For days Boris Johnson has been warning that a ‘second wave’ is about to hit Britain.
I don’t blame him for the second wave of coronavirus that led him to slow down the easing of Covid lockdown measures.
But I do hold him responsible for the second wave of Boris cronies handed peerages yesterday, including the likes of City tycoon and Tory donor Michael Spencer, his own brother, ex-MP Jo Johnson, and newspaper owner Evgeny Lebedev.
With reports of a third wave of Conservative peerages coming in the autumn, there must be a risk of a shortage of ermine to line the cloaks they will wear when they take their places on the Lords red leather benches.
For days Boris Johnson has been warning that a ‘second wave’ is about to hit Britain. I don’t blame him for the second wave of coronavirus that led him to slow down the easing of Covid lockdown measures. He is pictured above with brother Jo Johnson
The first wave of Boris barons came just seven days after the general election.
Millionaire Tory MP Zac Goldsmith, a close friend of Mr Johnson and his partner Carrie Symonds, had lost his Commons seat but was conveniently given one in the Lords instead and allowed to carry on as Environment Minister as though nothing had happened.
He even had the nerve to give himself the title Baron Goldsmith of Richmond Park, the constituency that had just democratically rejected him for the second time in three years.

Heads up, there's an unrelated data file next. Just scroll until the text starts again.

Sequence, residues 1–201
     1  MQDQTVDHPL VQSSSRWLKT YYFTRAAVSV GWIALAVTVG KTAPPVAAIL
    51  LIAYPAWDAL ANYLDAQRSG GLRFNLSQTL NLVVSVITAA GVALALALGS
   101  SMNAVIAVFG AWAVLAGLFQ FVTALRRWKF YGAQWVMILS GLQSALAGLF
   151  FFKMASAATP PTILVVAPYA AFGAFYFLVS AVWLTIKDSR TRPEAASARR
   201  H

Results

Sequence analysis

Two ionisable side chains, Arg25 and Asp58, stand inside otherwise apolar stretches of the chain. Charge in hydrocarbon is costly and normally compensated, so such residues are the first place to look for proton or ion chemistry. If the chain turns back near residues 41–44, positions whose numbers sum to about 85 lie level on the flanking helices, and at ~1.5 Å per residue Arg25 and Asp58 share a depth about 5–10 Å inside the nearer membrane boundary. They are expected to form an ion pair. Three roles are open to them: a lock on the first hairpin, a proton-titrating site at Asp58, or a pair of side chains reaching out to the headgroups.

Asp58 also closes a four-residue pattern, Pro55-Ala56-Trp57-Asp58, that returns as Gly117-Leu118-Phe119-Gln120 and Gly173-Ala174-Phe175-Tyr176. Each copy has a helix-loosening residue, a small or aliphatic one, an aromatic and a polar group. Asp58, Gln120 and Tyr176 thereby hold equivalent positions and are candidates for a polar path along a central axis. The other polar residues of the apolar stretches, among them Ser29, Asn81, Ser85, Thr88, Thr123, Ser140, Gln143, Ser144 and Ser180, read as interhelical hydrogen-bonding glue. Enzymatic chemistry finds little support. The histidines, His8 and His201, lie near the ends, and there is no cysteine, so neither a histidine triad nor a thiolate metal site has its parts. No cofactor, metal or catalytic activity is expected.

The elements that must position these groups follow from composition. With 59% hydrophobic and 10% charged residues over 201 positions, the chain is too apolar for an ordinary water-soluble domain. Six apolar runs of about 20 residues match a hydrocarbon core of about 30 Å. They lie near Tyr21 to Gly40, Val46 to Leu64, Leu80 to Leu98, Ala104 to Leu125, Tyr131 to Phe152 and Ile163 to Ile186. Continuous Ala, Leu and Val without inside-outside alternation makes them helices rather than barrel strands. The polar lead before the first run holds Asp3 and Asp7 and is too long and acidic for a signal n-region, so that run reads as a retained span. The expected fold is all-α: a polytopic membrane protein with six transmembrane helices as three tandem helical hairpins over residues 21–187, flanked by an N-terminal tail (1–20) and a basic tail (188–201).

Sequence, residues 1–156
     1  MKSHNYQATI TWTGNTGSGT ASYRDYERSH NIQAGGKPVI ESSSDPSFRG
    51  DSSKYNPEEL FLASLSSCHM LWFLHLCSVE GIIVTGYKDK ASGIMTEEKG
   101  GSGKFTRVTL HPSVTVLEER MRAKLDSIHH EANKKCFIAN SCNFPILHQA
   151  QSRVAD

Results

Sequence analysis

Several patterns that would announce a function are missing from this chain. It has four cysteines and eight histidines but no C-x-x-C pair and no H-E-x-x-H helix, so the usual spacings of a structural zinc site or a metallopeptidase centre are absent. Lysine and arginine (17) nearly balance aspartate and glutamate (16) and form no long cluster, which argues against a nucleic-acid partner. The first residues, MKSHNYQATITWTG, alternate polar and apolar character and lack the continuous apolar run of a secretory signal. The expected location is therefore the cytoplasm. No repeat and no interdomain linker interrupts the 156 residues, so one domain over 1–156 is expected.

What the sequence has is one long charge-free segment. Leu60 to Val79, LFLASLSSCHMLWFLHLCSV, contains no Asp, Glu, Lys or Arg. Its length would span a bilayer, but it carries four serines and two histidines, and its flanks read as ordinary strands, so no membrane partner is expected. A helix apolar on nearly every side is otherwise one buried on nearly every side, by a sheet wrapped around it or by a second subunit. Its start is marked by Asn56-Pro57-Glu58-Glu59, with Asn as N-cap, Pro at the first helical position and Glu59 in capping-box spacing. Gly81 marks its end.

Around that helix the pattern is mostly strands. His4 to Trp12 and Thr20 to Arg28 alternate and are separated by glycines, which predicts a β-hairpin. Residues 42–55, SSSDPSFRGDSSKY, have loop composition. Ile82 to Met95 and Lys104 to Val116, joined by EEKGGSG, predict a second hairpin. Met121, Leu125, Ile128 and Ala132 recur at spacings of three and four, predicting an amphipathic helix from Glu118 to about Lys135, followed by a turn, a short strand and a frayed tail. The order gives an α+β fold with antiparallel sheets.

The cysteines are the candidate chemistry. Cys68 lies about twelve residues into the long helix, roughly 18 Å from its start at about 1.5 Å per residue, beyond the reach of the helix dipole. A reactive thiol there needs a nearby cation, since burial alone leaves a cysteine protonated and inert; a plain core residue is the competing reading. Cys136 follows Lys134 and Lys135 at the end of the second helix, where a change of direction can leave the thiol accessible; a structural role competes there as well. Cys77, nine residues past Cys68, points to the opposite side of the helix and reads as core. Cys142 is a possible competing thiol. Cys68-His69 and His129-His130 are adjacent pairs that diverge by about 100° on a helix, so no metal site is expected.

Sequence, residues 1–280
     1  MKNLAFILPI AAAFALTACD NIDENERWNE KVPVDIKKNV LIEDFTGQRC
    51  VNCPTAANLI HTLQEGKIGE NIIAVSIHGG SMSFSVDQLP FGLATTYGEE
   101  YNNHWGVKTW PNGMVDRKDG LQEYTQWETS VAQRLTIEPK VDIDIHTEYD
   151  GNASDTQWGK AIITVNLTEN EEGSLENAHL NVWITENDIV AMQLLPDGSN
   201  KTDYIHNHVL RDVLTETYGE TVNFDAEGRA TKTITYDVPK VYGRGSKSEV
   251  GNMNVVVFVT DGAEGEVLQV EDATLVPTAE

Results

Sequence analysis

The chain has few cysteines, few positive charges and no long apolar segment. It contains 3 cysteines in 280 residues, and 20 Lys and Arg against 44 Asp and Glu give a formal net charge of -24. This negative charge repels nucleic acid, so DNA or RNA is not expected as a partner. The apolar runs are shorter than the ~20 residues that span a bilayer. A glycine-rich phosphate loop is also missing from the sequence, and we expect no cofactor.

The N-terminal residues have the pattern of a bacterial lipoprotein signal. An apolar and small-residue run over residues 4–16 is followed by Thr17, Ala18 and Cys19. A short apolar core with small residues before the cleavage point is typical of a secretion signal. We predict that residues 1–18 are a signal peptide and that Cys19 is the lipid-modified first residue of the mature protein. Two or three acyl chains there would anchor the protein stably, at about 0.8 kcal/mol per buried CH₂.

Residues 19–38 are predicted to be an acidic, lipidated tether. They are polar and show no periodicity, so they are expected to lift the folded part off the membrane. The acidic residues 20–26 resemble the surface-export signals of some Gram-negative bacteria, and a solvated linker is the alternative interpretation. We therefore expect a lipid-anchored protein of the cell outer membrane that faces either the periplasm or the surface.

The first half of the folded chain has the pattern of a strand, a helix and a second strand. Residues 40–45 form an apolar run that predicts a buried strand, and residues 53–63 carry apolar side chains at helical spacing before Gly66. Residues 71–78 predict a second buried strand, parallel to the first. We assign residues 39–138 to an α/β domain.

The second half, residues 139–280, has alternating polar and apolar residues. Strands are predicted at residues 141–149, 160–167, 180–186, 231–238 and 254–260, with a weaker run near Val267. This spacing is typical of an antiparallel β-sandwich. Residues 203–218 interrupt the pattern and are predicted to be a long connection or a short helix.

The argument against Prime Ministers being able to pack the Lords with personal and political mates was made forcefully in 2003 when Tony Blair announced plans to appoint more peers.
Blair’s proposal was denounced as ‘disgusting’ by one critic who said: ‘Think of the lunches; the hackery; the behind-the-scenes schmoozing and fixing; the quiet words from the Government Chief Whip; the winking, the nose-tapping, the soft belching in the Savoy Grill Room, or Glyndebourne, or Ascot.’
That critic was Boris Johnson.
Former Labour MP Kate Hoey, left, defied Corbyn to back Brexit, while Philip May is seen right. The ever-loyal and discreet husband of former prime minister Theresa May was by his wife’s side throughout her struggles to leave the EU
Ian Botham is pictured left. PM compared himself to ‘swashbuckling’ cricket star, who publicly backed Brexit, while Claire Fox is pictured right. The former Brexit MEP has been praised by Nigel Farage
Ruth Davidson is pictured above. The former Scottish Tory leader helped gain a surge in support
Ken Clarke is pictured left. Father of House, a Brexit rebel, had whip withdrawn. Philip Hammond is pictured right. The arch-Remainer was booted out but did not criticise Boris
Ex-Labour MP Gilesa Stuart urged voters to back Tories. Sir Eddie Lister is pictured right. Strategic adviser has been by Boris’s side since he was Mayor
Michael Spencer is pictured above. Billionaire financier is former Conservative Party treasurer and has donated about £5m
I can’t help thinking of all the winking and hackery the Prime Minister must have enjoyed with his brother Jo, also a journalist, over the years.